Thursday’s overall spread of news and data saw the Pound appreciate against its peers, owing to a less alarming set of polling stats and a strong argument made for remaining in the EU by Labour Leader Jeremy Corbyn.

In the former case, a TNS survey put small and medium-sized business owners as roughly even on which way to vote in the Referendum, while YouGov polls also put the two campaigns back on a level pegging.

In the latter, Jeremy Corbyn made an effort to silence critics about his apparent lack of enthusiasm in the Referendum and delivered the coveted ‘Remain’ speech that actually focused on the positives of staying ‘In’, rather than the negatives of choosing ‘Out’.

Elsewhere, global investment company PIMCO indicated that it saw ‘Brexit’ as a high probability, but nonetheless did not see many repercussions from such an outcome taking place.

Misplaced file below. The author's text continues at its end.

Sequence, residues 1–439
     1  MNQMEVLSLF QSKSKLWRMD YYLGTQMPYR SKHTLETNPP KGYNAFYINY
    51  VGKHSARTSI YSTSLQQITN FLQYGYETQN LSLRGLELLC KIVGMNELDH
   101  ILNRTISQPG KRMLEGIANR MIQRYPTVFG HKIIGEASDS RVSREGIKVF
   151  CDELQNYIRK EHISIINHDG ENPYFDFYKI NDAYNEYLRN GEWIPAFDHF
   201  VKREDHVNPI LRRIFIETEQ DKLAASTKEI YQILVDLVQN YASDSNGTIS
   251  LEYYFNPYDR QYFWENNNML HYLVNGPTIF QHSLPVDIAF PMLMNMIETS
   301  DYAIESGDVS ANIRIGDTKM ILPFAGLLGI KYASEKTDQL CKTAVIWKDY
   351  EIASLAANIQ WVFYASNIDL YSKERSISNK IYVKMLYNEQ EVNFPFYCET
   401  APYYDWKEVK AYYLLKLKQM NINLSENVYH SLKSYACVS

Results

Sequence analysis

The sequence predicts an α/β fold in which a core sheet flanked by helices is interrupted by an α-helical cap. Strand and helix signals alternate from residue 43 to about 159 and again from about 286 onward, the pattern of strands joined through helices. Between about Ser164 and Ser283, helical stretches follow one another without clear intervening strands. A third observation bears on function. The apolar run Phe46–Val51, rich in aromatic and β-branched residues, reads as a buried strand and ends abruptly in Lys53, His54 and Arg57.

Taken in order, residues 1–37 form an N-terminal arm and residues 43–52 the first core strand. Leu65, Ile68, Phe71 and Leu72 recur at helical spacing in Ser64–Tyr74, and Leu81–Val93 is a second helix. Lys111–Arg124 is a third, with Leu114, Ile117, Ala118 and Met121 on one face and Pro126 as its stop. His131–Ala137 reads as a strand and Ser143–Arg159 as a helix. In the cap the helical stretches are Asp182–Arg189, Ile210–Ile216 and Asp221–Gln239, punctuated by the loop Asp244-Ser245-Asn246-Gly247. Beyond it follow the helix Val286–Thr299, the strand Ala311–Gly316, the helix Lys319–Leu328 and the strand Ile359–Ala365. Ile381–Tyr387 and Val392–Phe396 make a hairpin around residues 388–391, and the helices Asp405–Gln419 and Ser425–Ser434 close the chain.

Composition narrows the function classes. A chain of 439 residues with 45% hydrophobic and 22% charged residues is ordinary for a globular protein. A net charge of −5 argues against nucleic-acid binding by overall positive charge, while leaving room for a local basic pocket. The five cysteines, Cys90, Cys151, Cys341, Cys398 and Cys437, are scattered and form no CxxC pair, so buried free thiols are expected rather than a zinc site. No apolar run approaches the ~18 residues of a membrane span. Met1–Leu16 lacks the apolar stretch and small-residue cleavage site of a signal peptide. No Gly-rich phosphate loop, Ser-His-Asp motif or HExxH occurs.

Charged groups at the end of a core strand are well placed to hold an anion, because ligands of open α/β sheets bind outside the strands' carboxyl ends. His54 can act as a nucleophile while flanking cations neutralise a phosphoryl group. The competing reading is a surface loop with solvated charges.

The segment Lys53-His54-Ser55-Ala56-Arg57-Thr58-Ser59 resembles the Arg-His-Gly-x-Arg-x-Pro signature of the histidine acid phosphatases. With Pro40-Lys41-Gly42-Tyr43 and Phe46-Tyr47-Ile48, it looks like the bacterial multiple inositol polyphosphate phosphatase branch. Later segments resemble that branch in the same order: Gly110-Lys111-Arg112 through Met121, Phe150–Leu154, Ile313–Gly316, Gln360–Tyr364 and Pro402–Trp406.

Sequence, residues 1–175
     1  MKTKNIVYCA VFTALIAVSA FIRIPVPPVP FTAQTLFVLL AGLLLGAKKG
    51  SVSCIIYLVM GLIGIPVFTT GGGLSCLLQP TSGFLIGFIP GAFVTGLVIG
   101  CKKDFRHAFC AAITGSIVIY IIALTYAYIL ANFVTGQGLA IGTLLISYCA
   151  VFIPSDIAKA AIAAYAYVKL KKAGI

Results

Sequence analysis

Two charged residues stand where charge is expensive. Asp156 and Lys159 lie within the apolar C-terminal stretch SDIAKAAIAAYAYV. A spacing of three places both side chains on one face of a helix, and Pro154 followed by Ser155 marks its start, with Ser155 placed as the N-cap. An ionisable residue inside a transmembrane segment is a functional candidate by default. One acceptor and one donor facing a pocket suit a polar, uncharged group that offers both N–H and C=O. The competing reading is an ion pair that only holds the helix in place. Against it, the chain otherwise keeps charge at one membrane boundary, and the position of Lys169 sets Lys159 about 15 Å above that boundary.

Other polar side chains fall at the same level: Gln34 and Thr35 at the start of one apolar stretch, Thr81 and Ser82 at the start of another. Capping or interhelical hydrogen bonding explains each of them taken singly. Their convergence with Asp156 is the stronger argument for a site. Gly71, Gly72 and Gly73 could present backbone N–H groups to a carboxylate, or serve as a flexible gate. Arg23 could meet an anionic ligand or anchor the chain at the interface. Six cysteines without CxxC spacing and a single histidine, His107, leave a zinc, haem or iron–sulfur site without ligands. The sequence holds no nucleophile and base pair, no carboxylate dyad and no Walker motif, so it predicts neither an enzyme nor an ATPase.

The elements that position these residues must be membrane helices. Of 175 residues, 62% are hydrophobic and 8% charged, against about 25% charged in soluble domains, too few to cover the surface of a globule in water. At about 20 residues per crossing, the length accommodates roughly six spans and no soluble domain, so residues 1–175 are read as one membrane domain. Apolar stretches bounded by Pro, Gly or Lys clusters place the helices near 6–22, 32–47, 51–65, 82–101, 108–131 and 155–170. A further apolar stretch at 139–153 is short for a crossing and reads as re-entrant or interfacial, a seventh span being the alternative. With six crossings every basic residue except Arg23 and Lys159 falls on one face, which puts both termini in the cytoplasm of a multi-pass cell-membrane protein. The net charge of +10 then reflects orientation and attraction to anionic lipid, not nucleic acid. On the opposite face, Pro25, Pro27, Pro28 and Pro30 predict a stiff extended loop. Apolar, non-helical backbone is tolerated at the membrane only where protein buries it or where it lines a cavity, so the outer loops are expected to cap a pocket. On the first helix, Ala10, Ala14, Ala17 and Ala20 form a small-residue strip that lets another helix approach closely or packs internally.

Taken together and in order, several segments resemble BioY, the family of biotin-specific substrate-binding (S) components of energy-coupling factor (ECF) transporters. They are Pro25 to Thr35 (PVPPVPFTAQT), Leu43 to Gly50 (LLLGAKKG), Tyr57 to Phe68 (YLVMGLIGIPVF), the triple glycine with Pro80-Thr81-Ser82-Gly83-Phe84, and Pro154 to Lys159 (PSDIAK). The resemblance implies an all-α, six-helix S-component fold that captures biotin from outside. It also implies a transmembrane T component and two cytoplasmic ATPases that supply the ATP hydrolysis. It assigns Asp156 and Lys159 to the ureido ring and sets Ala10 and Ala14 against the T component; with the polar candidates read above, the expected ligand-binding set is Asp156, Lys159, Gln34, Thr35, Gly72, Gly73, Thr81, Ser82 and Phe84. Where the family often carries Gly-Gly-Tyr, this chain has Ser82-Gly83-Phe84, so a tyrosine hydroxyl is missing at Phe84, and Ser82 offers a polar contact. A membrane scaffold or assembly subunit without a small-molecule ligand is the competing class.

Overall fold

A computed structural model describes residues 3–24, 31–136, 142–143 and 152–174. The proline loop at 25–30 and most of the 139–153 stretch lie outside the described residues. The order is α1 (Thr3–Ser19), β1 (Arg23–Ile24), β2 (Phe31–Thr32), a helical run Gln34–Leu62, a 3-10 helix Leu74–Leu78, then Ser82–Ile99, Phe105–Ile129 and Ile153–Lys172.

The ‘Leave’ campaign targeted younger voters, by stating that housing prices would drop if the UK left the EU; this was quickly rebutted by the Prime Minister, who said it was not worth crashing the economy for the sake of property.

European Council President Donald Tusk warned against a ‘Brexit’, but also advised against EU officials striving for closing ties between nations, due to the alienating nature of such an approach.

German Chancellor Angela Merkel recommended an ‘In’ vote, by stating that nations within the EU had more say ‘at the bargaining table’ when it came to deals than those that were ‘outside the room’.